Unruly, a social video distribution platform whose technology helped power viral campaigns like Evian’s Roller Babies and Old Spice’s “Man Your Man Could Smell Like”, just released its results for the fiscal year ending on March 31. The company says it tripled revenue from £6.0 million to £17.6 million (at current conversion rates, that’s about $27 million).
The Unruly platform is called MEME, which stands for Media Engagement and Measurement Engine. Brands and agencies come to Unruly with videos that they’re hoping to turn into viral hits. Unruly distributes the video to YouTube, Facebook, Twitter, influential blogs, and other sites — the goal is to target the audiences that are most likely to help a video spread. The company says it has now delivered more than 2,000 social video campaigns and that comScore’s Media Metrix report for April pegged Unruly’s reach at 917 million unique monthly visitors.
While I’m trotting out all these impressive numbers, I should also mention one of the less triumphant things from the past year: Unruly’s involvement in a complicated controversy involving Google’s linking policies and rankings, though the issue seems to have been largely forgotten, at least from a press coverage standpoint.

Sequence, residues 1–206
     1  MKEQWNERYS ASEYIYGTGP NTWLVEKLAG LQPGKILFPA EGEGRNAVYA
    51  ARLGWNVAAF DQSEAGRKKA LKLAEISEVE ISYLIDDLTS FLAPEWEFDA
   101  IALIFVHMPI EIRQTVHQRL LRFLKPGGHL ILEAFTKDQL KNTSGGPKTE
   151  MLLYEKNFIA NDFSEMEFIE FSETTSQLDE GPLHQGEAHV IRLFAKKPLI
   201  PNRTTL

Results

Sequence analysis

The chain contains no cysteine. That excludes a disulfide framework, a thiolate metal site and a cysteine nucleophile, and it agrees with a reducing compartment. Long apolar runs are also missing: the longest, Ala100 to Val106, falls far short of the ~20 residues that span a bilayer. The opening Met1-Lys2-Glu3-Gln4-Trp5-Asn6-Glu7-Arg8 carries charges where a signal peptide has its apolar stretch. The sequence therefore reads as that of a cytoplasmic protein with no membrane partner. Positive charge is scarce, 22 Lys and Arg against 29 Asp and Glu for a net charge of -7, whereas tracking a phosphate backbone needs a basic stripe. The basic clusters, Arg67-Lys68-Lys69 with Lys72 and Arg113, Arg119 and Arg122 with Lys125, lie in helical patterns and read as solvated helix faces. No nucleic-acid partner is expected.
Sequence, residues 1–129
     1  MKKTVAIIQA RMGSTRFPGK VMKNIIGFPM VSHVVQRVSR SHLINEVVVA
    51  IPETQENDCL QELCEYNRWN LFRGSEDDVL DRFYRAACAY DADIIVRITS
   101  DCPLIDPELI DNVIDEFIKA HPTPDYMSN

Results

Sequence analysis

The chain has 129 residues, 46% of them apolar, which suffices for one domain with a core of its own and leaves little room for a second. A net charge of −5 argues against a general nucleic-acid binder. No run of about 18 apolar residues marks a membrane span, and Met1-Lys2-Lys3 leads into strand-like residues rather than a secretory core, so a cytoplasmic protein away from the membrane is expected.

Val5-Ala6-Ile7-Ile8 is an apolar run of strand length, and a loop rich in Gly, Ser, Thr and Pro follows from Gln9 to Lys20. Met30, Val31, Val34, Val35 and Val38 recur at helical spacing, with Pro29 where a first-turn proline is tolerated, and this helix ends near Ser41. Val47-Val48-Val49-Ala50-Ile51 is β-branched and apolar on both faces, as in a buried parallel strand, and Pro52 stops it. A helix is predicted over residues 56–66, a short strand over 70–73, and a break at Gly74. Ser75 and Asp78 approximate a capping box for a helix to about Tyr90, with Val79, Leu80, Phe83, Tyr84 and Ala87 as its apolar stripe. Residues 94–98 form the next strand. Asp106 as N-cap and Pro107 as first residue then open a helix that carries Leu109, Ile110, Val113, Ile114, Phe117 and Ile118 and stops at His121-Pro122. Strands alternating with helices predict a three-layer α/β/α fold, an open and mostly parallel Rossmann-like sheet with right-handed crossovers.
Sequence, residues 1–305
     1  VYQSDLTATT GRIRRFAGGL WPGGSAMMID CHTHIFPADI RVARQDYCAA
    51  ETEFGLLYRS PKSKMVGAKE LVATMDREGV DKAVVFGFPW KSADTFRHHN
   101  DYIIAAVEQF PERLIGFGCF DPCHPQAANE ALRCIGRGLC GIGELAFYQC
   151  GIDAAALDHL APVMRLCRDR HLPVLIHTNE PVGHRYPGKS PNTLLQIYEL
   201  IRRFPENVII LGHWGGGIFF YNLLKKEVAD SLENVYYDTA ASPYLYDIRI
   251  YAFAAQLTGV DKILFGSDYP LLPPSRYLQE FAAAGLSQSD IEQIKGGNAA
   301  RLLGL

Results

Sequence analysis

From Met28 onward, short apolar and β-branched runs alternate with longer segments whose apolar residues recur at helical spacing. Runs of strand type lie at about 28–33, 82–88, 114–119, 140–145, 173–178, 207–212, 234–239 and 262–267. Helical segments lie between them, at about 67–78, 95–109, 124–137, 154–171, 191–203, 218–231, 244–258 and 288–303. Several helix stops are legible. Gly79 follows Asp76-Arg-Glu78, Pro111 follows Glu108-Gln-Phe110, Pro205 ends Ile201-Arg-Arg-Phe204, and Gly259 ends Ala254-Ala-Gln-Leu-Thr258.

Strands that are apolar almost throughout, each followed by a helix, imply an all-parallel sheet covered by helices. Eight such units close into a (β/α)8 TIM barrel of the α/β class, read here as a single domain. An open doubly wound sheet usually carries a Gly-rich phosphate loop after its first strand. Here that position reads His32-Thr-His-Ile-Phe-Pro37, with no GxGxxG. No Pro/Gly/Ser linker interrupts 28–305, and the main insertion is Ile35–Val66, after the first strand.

I met with co-founders Scott Button (CEO) and Sarah Wood (COO) yesterday to catch up on the company’s plans, and they placed a big emphasis on Unruly’s global reach. The company is headquartered in London, but it also has offices in New York, San Francisco, Chicago, Berlin, Paris, Amsterdam, Stockholm, and Sydney, plus it’s opening new offices in Detroit and Los Angeles. (The total headcount is above 125.) Button says having access to a global audience, while also having local sales teams across the world, is key when working with large brands.
As for Unruly’s future goals, the pair points to the company’s new social video lab, which Wood describes as an attempt to explore “the science of sharing.” Through testing and research, Unruly wants to predict the effectiveness and shareability of a video before a campaign is launched.
“With a movie’s box office, they don’t always know exactly how it’s going to do, but they have some idea,” Button says. In the same way, Unruly should be able to make some general predictions about whether an audience will like and share a video — after all, he says, people “just aren’t that complicated.”
Visible Measures, another company aiming to turn video content into viral hits, actually announced a $21.5 million round of funding this morning. Unruly raised its own $25 million round back in January.